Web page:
Before complaining about our rising TasWater bills, it’s worth considering the work that is being done to improve Tasmania’s water quality. TasWater is undertaking a massive program of works, started by its predecessors, to upgrade drinking water and sewerage treatment infrastructure across the state. This promises to have very significant benefits for its customers and the natural environment
On 29 January 2014 the Tasmanian Parliament passed the Pulp Mill Assessment Amendment Bill 2014 for the purpose of removing all doubts regarding the legal validity of the permit for the Tamar Valley Pulp Mill and, specifically, to prevent the TCT’s Supreme Court case continuing and potentially finding the permits had lapsed.
While the TCT is pleased with the expansion of the previously tiny marine reserves at Ninepin Point and Tinderbox in 2009, it is disappointing that, under the Labor–Green government, no new reserves have been created or proposed.
Tasmania’s current approach to managing the use of agricultural and veterinary chemicals is largely based on out-of-date codes of practice from 2000 (aerial spraying) and 2001 (ground spraying) that rely on voluntary industry compliance with virtually no possibility of prosecutions for contraventions. The state government initiated a review of agricultural and veterinary chemicals management in 2008 and there were public consultation processes in April 2008 and in May 2011.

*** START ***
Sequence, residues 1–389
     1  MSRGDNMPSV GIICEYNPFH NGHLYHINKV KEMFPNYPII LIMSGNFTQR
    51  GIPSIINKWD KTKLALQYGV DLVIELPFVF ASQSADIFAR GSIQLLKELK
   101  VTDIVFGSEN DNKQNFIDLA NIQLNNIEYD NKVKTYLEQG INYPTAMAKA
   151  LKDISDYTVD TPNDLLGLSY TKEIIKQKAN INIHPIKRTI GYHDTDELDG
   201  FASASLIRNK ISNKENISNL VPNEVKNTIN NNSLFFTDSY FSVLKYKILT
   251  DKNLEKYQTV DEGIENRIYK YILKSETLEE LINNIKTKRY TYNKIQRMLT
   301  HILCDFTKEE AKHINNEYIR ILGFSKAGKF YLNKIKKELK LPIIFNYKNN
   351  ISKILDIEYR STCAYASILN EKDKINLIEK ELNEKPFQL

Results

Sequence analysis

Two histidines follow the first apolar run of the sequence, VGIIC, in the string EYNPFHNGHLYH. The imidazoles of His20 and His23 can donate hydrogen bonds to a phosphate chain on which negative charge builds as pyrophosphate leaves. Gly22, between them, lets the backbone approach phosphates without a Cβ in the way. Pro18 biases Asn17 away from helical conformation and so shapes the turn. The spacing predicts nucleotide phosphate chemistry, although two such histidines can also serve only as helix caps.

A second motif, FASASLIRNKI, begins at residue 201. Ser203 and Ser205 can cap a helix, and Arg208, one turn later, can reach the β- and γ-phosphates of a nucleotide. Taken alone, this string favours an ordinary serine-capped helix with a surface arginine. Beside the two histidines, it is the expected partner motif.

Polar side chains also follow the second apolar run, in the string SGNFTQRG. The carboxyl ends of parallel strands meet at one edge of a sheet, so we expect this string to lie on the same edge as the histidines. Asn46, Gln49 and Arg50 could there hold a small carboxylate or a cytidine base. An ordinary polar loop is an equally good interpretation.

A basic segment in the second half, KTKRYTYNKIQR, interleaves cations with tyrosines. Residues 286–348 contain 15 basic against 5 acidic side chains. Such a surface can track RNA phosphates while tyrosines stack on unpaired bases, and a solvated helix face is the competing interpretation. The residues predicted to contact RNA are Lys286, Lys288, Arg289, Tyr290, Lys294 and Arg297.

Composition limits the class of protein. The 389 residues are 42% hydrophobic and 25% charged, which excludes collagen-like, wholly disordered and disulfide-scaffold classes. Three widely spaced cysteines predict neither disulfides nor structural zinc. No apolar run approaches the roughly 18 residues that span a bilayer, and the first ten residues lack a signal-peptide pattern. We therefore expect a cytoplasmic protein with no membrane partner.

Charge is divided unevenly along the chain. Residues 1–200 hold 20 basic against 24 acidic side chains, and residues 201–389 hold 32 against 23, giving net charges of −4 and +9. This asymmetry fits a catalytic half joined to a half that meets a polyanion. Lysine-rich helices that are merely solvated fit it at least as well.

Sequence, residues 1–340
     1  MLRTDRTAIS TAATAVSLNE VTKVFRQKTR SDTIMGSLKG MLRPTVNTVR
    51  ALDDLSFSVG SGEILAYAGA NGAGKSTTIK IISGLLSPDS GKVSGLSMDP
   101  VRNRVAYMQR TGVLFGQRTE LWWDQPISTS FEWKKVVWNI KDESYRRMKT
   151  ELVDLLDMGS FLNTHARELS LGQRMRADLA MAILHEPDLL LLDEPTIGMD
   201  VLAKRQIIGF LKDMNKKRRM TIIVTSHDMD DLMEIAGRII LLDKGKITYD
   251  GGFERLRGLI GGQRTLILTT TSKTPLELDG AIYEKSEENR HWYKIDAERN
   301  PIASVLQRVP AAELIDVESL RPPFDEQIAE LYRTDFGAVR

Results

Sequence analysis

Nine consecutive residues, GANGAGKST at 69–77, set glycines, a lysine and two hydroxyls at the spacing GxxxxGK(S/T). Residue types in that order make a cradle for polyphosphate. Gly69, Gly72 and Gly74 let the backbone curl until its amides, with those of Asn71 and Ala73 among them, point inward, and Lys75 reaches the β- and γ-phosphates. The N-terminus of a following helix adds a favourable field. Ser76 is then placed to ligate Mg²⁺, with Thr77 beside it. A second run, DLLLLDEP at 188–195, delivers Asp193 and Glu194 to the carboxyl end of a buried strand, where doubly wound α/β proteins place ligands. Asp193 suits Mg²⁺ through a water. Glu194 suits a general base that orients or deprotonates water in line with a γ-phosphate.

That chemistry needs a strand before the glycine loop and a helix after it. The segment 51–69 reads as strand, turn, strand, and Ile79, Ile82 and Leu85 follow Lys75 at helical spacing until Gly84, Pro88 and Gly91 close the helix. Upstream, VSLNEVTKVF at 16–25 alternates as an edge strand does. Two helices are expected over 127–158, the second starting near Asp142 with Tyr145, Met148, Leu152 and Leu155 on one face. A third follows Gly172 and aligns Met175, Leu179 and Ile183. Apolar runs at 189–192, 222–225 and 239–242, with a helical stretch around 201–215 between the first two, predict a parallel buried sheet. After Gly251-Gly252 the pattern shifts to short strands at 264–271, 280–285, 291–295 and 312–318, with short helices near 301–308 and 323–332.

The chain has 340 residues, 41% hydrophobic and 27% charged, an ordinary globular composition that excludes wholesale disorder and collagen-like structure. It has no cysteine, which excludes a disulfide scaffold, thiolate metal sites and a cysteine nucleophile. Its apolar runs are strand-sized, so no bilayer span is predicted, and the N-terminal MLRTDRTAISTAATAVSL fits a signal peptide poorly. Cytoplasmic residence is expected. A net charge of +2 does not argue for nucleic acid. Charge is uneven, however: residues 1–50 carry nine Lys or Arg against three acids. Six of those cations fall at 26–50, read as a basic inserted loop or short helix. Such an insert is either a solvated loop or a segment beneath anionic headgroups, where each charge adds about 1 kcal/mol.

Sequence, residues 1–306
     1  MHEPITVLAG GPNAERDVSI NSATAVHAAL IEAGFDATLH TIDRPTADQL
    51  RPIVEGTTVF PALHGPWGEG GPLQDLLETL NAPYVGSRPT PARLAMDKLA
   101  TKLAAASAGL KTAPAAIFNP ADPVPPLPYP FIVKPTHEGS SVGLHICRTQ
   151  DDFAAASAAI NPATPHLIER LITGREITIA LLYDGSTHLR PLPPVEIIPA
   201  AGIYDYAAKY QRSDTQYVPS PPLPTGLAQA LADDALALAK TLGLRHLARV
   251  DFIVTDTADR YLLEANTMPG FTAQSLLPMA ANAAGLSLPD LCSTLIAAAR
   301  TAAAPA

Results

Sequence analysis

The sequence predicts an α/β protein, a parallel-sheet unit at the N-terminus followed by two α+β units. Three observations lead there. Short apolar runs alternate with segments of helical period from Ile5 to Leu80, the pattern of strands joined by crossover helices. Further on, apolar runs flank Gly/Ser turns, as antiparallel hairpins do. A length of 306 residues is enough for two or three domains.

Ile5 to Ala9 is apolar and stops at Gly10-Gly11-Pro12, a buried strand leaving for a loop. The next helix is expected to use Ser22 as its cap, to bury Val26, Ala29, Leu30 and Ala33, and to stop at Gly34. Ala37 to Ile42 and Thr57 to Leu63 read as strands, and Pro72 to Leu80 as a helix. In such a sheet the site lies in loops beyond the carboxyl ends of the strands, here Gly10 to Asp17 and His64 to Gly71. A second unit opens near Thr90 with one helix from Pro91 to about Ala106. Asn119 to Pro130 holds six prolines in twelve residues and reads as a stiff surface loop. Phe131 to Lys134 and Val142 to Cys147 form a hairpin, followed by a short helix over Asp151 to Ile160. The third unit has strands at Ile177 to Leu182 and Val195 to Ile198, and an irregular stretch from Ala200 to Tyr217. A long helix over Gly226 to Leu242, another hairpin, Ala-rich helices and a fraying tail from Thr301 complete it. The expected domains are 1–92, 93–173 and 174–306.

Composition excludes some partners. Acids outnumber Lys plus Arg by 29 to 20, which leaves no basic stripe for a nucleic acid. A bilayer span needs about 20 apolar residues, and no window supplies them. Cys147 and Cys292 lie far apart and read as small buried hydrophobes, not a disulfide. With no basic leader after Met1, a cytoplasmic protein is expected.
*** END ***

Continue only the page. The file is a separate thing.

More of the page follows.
In November 2011 the Legislative Council threatened not to pass the new Agricultural and Veterinary Chemical (Control of Use) Regulations plus the Agricultural and Veterinary Chemical (Control of Use) Amendment Bill (the Bill is required so that many functions previously contained in the codes of practice can be incorporated into the greatly enhanced and expanded regulations).
A recent amendment to the Marine Farming Planning Act 1995 puts more direct power in the hands of the minister. This change makes it even more obvious that the government believes Tasmanians should have no meaningful role in the planning process that governs Tasmania’s aquaculture industry.
In February 2010 the Australian and Tasmanian governments signed an agreement to undertake a strategic impact assessment pursuant to the Environment Protection and Biodiversity Conservation Act (EPBC Act) of the state government processes and regulations under which the Midlands Water Scheme (MWS) will be developed.